Your eyes will make it.  You may just cry for a bit until your eyes have flushed the irritant out.  This was an amateur move on my part.  I looked up how to prevent this irritation from occurring.  A more experienced cook, or a chemist, may know this but to reduce this irritation from happening you can make sure to refrigerate your onion before cutting (this would slow down the reaction since colder particles have a slower rate of reaction) or cut the onion under water.  I prefer the safety glasses approach.  But since the irritation has already occurred by this point, it’s time to walk away from the onion and have a refreshment until the crying has subsided.

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Note: Beer was not used in the recipe, just for drinking.

Now, time to get to the chiles.

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Get that can opener back out!

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Yum, Mexican green chiles (don’t worry, they are mild).

The most difficult part is mixing your spice blend.  Here is what I ended up using:

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All the spices were measured out into this little bowl.  How nice.

And then I minced the garlic. I actually know what mincing is so here is the definition for all the other novices out there that have never minced.

Mince: taking the largest sharp knife in your kitchen and, using a karate type motion, cutting something into the smallest pieces possible while avoiding cutting yourself (note: this definition was not found in a dictionary).

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The knife looks bigger next to those little pieces of garlic.

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Minced.

To be able to mince, you will have to break the cloves.  This can be done by placing the clove under the flat part of the knife (preferably with the blade of the knife facing away from you) and then applying pressure on top of the knife.  This can also be done by biting the cloves, or so I’ve been told.

So, there you have it! After measuring out a quart of water, all the ingredients are ready to go!

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Look at that butt.

Before I get too ahead of myself, there is one critical step that must be done. Plug in the crock pot.

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Yes, there it is. I did remember to plug it in.

I was under the impression that you just throw everything into the crock pot in whatever order you want, so that’s what I did.  I do recommend putting the meat and spices in first and the water in last . . . my mistake.

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Putting the water in first wasn’t my most successful moment of the day.

Turn the crock pot on High, stir up all the goods, and cover.  After an hour, I changed the temperature to Low and then waited . . .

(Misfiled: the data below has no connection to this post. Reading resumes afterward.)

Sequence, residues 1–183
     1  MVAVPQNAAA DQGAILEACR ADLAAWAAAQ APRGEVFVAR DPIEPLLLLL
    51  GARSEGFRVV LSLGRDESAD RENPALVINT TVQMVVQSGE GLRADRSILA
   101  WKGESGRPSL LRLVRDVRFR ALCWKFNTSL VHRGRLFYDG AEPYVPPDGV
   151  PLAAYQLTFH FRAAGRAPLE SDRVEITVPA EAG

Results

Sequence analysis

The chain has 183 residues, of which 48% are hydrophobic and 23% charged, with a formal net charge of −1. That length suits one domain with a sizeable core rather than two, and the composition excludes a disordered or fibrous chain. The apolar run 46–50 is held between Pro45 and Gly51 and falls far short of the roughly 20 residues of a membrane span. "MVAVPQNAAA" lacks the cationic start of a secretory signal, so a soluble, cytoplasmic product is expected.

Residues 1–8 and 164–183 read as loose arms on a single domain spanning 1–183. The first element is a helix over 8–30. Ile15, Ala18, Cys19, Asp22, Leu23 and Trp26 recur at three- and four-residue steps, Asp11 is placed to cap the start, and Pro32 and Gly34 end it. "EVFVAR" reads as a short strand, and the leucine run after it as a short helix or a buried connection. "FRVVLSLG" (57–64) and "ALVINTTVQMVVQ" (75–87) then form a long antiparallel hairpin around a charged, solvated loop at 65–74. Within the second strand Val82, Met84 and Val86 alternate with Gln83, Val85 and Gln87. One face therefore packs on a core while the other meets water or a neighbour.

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How long do I have to wait again?

Just hang out for a couple hours until it’s time to shred the pork.  There are so many things you could do with this time JUST DON’T USE THIS TIME TO UNCOVER THE COOKING MEAT.  This will make the waiting last so much longer.  But there are so many other things to do.  I decided to write this blog post, for instance.  I also finished drinking a beer, ate some ice cream, figured out how to use a staple gun, did this art project for my kitchen, sanitized my counter where I dropped the raw meat, and washed the dishes (though crock pot cooking leaves you with minimal dishes to clean).  I could’ve also taken a nap or watched something on Netflix.  The opportunities were nearly endless.

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Look at the art. Can you believe I didn’t get this idea from Pinterest?

When the meat is tender enough to be pierced with a fork, it is probably ready to be shredded.  Or so you would think.  After 5 hours of waiting, I took the pork out and began cutting the fat off.  That part was easy enough.  Then, when I started to cut it off the bone, it got more difficult.  I guess it wasn’t ready to leave the bone.  I cut up what I could and put it back in the crock pot, bone and all (minus the fat).  I covered the crock pot again and went back to waiting.  This time I watched some Netflix.

Another hour later . . .

It was getting tenderer.  I turned the heat up to High and let it cook for another hour (I was getting impatient, but I shouldn’t have kept opening the lid . . .).  I was getting to the point where I was wondering why I tried cooking in the first place and then I start smelling the aroma fill my apartment.  This wasn’t smelling too bad.  Maybe I was doing something right.

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Hour 7 of cooking arrives.  I took the meat out.  It came off the bone easily.  I wished that I hadn’t cut the pieces off the bone earlier because those pieces aren’t looking as tender.  Still, I cut those pieces into strips and then shredded what was still on the bone.  I put everything back into the pot and left the crock pot on High and uncovered.  I was experimenting with cook times and techniques.  I wanted the broth to thicken up a bit which actually means I just needed some of it to be soaked up by the meat or, by leaving it uncovered, allowed it to evaporate off.

This was actually real food.

I got the toppings ready!

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My favorite, sharp cheddar cheese.

After cooking uncovered for 30 minutes, finally, the final product.  Turns out the meat ended up being tender enough to enjoy but the broth didn’t really thicken up.  It was a soup consistency and didn’t quite look like the picture from the recipe I found online.  I did leave the rest on the heat because it really wasn’t entirely ready.